Tarigami, who was allegedly in house arrest in the Valley, had been admitted to the AIIMS following an earlier top court directive on a plea from party leader Sitaram Yechury.

Senior advocate Raju Ramachandran, appearing for Yechury, said Tarigami, who is now at the Jammu and Kashmir government guesthouse in Delhi, should be released unconditionally after his return since the government had failed to respond to pleas challenging his detention.

He said Tarigami had been in detention for the past 40 days without any formal order being served on him.

When the bench wondered why Tarigami was still in Delhi if his condition was stable, Ramachandran said the Centre had restricted his movements and reduced his security.

High court

The bench wondered whether to direct the petitioners to approach Jammu and Kashmir High Court instead.

“Mr Attorney, we want to know what is the situation today in the state? Is it the same situation today? Because, we are saying that if it is just some local issues, then it would be better if the high court deals with it. It is easier for the high court to know what is happening in the state,” it said.

Earlier, Mehta had pleaded that the petitioners were making statements without any basis and added: “Not a single bullet fired; not a single life lost….”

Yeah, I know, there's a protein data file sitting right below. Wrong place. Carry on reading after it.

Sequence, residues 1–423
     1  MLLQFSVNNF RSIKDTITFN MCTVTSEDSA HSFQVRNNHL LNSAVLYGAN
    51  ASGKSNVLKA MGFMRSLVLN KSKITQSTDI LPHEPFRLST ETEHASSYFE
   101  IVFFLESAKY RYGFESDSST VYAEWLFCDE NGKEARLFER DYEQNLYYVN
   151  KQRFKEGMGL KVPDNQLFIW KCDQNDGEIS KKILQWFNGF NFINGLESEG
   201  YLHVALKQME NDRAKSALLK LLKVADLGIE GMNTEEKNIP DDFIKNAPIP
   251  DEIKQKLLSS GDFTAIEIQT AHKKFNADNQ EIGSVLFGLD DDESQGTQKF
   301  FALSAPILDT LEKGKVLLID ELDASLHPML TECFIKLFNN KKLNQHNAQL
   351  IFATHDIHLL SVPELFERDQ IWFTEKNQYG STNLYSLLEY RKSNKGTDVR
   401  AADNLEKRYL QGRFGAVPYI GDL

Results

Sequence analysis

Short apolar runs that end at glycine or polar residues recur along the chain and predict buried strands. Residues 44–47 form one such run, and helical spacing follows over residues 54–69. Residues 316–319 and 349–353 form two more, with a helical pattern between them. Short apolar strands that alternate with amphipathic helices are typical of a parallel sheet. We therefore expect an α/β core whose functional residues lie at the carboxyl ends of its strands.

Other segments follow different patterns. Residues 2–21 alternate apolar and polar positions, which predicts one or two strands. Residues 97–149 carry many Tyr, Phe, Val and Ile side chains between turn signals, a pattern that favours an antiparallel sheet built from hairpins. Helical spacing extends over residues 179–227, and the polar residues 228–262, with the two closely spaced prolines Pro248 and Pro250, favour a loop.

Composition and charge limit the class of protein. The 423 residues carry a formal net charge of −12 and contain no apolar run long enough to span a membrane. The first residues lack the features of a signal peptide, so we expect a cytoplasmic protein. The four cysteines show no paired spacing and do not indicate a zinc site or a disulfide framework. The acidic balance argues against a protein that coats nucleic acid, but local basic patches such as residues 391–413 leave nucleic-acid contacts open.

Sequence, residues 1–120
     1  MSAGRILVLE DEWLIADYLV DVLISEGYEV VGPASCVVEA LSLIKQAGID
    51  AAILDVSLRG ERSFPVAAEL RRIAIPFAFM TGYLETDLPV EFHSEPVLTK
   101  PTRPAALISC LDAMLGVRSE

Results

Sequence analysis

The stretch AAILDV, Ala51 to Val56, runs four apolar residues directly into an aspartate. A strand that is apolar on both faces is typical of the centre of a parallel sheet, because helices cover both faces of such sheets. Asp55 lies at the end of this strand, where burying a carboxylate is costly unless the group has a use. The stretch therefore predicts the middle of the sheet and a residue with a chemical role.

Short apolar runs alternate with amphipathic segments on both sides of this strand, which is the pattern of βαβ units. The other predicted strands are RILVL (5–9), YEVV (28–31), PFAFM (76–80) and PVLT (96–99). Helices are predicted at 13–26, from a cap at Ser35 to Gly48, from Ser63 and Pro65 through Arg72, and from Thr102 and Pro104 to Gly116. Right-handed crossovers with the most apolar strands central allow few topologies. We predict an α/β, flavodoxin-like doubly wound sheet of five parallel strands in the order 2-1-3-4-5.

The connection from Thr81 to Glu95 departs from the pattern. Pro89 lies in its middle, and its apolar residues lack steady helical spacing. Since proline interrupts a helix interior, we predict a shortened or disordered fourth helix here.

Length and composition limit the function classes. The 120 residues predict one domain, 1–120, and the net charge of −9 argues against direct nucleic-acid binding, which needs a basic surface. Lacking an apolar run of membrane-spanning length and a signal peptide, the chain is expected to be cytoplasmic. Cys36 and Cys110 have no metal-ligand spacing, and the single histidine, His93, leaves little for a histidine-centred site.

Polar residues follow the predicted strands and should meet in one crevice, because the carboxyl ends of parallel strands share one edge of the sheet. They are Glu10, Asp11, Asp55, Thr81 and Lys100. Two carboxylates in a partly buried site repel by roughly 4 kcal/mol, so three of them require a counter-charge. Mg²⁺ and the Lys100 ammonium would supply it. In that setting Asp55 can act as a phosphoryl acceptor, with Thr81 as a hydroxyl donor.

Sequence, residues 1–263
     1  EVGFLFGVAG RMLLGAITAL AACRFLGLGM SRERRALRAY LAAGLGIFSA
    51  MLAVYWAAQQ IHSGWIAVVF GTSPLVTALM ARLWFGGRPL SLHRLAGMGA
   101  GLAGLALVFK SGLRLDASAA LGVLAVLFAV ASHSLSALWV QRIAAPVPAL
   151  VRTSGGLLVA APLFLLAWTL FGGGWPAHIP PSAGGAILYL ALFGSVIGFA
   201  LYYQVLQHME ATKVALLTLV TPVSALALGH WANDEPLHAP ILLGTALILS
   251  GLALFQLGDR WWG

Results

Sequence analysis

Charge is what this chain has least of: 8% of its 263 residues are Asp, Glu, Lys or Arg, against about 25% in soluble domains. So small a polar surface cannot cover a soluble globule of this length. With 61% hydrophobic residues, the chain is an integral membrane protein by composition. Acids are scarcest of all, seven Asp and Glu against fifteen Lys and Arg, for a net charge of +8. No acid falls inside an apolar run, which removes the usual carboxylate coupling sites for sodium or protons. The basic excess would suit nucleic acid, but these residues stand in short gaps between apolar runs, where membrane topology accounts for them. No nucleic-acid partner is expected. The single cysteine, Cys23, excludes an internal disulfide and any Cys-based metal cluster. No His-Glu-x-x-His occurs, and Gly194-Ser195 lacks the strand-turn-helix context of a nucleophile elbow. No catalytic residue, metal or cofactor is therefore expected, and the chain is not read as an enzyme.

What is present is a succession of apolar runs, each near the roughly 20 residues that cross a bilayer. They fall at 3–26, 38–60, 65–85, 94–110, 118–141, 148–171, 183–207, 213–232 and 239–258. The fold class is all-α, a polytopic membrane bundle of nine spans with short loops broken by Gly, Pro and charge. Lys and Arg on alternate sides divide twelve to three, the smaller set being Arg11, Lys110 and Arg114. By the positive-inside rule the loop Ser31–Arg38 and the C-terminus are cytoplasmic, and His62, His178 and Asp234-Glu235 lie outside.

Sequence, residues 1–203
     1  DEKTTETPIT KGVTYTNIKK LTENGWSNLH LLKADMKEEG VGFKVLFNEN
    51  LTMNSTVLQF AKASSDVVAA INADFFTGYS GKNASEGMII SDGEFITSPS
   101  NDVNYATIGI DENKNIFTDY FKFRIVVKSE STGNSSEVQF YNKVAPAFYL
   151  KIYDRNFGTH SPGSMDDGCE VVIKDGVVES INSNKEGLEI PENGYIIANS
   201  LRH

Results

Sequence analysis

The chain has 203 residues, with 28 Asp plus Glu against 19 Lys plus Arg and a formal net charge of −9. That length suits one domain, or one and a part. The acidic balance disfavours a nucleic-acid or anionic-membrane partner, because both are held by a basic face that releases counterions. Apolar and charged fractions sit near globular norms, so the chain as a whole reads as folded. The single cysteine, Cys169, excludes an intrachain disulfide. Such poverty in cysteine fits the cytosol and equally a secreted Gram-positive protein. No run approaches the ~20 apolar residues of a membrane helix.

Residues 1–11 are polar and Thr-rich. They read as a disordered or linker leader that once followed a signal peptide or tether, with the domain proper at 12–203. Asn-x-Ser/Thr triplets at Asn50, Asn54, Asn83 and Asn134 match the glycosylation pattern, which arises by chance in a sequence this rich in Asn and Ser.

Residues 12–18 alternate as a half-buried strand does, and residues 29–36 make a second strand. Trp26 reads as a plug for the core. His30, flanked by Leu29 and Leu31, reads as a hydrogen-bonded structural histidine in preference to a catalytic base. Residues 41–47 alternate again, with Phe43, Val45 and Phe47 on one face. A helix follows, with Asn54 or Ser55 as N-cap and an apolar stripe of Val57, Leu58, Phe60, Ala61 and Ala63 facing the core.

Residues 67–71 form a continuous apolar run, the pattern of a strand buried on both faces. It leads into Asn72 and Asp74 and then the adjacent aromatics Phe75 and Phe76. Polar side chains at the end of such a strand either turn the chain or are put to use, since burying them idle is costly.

When Asrar Ahmad Khan, 18, died earlier this month, the army’s Valley chief and a senior police officer had described him as a victim of stone-throwers despite medical records mentioning “pellet injury with shell blast injury”.

But state police chief Dilbagh Singh said on Wednesday that the security forces’ restraint had rendered civilian deaths “absolutely nil barring an incident where a stone-pelter got injured in downtown and subsequently succumbed to the injuries”.

Mehta said that of the 108 police station areas in Kashmir, general restrictions had been removed in 93, adding that all the curbs had been lifted in Jammu and Ladakh.

Venugopal said: “There is a complete stock of all medicines. Ninety-nine per cent of medical shops are open. Food grains’ and essential commodities’ supply is available for three months.”

He said that 10.52 lakh people had been provided with outpatient facilities. He rejected the allegation from senior advocate Meenakshi Arora, who appeared for a group of petitioners, that over 10 lakh people in the state were in desperate need of medical facilities.